• adding new domains
  • adding new IPs
  • adding new databases
  • adding email addresses
  • making changes to zone files
  • adding RBL’s
  • adding SSL certs
  • modifying accounts/domains

Service Monitoring (chkservd) on Plesk

To setup service level monitoring on Plesk Linux servers, the Watchdog module needs to be added. If installed this module will be available via the Modules section in the Plesk interface.

If this module is not installed, it can be installed via the Updater section in Server in Plesk 8. In Plesk 9 you need to use the Updates option under Help and Support.

Installing and configuring this module does not require any additional licensing from Plesk.

Links to Plesk documentation on the Watchdog service are located here: Plesk 8 and Plesk 9

Plesk Specific Files

  • Location of plesk public key: /etc/drweb/plesk.key
  • Location of key plesk files: /usr/local/psa/ kinda like /usr/local/cpanel
  • The Plesk version installed can be pulled from: /usr/local/psa/version
  • Plesk CP logs located: /usr/local/psa/admin/logs
  • Plesk daemon log: /var/log/sw-cp-server/error_log
  • Contains locations for alot of plesk related files: /etc/psa


On Plesk servers Plesk is installed ether via source or using yum. Below are the default installation locations for a yum install of Apache.

  • Apache conf is located: /etc/httpd/conf/httpd.conf
  • Apache logs located at: /var/log/httpd/
  • Location of Virtual hosts directory (where the actual web content lives – it will not be in /home!) /var/www/vhosts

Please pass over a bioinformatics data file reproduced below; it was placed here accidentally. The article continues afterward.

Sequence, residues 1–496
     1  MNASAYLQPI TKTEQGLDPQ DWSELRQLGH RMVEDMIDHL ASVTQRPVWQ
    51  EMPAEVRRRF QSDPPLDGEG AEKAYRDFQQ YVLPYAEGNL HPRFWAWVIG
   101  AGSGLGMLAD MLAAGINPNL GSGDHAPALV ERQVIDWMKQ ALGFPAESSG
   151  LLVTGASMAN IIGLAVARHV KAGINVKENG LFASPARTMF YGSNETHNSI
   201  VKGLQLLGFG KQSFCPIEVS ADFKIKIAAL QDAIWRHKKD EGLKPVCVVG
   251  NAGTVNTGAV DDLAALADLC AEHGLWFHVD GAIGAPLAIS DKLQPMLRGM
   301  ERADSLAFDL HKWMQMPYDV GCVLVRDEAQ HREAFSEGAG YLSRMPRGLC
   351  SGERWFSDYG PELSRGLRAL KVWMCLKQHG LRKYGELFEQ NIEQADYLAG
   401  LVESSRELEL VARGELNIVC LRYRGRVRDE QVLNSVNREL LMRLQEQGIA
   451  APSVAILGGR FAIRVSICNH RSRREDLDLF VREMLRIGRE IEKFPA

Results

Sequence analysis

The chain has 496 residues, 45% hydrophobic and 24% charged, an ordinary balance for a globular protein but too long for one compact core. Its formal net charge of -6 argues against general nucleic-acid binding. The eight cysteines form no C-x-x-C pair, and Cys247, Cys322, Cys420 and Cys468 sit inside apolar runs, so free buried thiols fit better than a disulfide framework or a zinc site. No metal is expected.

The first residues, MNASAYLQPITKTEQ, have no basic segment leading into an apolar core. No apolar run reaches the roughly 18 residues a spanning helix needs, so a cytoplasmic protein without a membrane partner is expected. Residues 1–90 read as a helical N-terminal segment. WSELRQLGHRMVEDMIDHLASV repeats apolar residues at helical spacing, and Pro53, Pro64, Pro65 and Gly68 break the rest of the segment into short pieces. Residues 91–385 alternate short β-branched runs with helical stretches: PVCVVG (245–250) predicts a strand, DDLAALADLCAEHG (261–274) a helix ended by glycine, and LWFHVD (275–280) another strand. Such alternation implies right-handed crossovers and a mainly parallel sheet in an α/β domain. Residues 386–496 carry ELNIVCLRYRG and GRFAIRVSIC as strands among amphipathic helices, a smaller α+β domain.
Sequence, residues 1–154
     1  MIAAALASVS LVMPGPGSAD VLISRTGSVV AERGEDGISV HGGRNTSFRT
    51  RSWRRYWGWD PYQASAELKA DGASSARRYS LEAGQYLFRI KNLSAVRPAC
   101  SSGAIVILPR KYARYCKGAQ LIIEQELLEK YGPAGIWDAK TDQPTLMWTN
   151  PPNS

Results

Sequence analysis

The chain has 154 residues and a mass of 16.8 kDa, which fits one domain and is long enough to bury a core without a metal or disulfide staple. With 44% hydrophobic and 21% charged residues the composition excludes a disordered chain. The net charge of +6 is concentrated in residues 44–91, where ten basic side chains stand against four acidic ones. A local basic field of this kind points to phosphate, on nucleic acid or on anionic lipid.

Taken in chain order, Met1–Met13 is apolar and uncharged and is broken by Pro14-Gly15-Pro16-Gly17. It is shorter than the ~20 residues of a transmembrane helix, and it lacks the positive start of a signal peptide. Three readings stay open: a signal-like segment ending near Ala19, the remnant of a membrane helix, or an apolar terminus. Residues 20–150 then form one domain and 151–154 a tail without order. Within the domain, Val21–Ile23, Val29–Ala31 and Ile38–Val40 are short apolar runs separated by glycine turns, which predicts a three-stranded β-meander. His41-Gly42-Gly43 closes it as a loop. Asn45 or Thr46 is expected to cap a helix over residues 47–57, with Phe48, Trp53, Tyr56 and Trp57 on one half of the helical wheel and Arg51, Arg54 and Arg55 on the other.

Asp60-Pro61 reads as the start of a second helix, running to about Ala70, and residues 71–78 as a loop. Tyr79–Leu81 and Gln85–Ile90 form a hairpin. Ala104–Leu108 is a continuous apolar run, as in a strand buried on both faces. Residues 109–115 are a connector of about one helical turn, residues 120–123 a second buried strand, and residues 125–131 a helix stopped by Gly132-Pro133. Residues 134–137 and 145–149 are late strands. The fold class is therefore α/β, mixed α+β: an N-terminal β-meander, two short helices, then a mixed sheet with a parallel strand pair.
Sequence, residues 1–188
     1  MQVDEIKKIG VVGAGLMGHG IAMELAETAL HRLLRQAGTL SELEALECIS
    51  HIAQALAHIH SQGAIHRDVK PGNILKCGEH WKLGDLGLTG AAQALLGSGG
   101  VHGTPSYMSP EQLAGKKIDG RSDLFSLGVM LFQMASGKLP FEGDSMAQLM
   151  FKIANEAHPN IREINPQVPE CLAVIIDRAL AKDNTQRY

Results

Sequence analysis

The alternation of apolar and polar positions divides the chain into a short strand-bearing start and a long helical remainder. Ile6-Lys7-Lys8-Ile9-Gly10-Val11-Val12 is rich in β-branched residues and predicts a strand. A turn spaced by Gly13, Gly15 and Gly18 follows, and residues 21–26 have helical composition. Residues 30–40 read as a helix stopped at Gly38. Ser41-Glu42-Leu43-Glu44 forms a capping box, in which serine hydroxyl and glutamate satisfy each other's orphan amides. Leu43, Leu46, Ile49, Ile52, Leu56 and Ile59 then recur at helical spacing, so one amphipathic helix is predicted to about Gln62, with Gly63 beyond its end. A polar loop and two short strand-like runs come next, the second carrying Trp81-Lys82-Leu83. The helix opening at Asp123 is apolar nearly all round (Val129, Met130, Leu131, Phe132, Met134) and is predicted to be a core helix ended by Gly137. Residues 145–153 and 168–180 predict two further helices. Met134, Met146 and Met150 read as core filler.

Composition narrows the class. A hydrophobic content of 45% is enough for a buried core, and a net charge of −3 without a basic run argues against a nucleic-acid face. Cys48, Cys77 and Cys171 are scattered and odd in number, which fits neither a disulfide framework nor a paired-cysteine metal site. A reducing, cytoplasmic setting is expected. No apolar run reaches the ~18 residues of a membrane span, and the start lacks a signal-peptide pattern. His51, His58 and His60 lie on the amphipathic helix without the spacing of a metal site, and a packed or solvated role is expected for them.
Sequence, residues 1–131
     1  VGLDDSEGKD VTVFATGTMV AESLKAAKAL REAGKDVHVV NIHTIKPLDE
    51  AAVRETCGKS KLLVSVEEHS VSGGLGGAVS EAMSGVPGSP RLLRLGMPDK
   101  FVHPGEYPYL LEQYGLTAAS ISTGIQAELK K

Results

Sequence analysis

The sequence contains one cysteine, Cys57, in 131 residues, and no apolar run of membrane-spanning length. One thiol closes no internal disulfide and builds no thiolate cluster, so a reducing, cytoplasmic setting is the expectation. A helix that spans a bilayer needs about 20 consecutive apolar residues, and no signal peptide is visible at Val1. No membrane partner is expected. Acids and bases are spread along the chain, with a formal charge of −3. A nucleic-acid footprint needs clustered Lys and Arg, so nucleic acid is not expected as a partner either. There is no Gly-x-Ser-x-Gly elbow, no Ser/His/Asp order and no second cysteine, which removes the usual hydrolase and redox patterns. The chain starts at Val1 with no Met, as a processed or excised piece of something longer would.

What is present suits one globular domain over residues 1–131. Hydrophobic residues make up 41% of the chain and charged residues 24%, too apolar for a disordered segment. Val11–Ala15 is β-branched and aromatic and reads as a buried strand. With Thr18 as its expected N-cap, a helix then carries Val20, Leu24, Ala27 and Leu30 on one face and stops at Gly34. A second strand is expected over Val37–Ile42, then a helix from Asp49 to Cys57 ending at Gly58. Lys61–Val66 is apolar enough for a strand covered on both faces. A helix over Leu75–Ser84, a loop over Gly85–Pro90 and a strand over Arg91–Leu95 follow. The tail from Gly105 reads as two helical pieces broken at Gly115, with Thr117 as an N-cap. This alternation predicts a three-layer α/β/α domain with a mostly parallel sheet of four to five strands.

• Location of Subdomain data /var/www/vhosts/primary domain?/subdomains/subdomain/httpdocs/
  • Location of Apache domlogs and Apache error logs for each domain (Each domain has its own error_log file in this location): /var/www/vhosts//statistics/logs/
  • Location of Mod Security conf: /etc/httpd/conf.d/mod_security.conf
  • Location of default Mod Security rules: /etc/httpd/modsecurity.d/*.conf <—Core rules installed by modsec rpm

/etc/httpd/modsecurity.d/lwrules/*.conf <—These are the custom LW rules To whitelist the wp-admin sub-directory for WordPress:
vi /etc/httpd/modsecurity.d/lwrules/whitelist.conf
SecRuleRemoveById 300015 300016 300017
Then just restart Apache.

  • Location of the webpages: /var/www/vhosts/domainname/httpdocs
  • Location of the VirtualHost container include: /var/www/vhosts/domainname/conf/httpd.include


  • Mail login logs located at: /usr/local/psa/var/log/maillog
  • Location of plesk localdomains file: /var/qmail/control/virtualdomains
  • Location of mail folders for domains: /var/qmail/mailnames

By default Plesk does NOT create a default mailbox.


  • Plesk stores zone files at: /var/named/run-root/var and does not use .db for zone file names

Plesk does NOT follow standards for serial numbers and will revert to its own defaults ignoring other changes. However with plesk 8.6 it is now possible to change how plesk handles serials to use the standard formatting.


  • Location of the php.ini file when installed via yum: /etc/php.ini


  • Location of backups generated via Plesk interface: /var/lib/psa/dumps/

The backups are placed in a subfolder based on their client and domain number as generated by Plesk


  • Location of SSL’s generated via Plesk9 interface: /usr/local/psa/var/certificates


The Plesk Migration Manager does not migrate any stored SSL certificates, you will need to perform this task manually. In the event of server failure or migration, you can backup the SSL certificates in their raw format and transfer them to the new server.

SSL Domains

Plesk stores the SSL related files in a httpd.pem file inside a “cert” folder. Both the RSA private key and Certificate are kept inside this file the path to which is:

  • /home/httpd/vhosts/

Back up the RSA private key from this folder.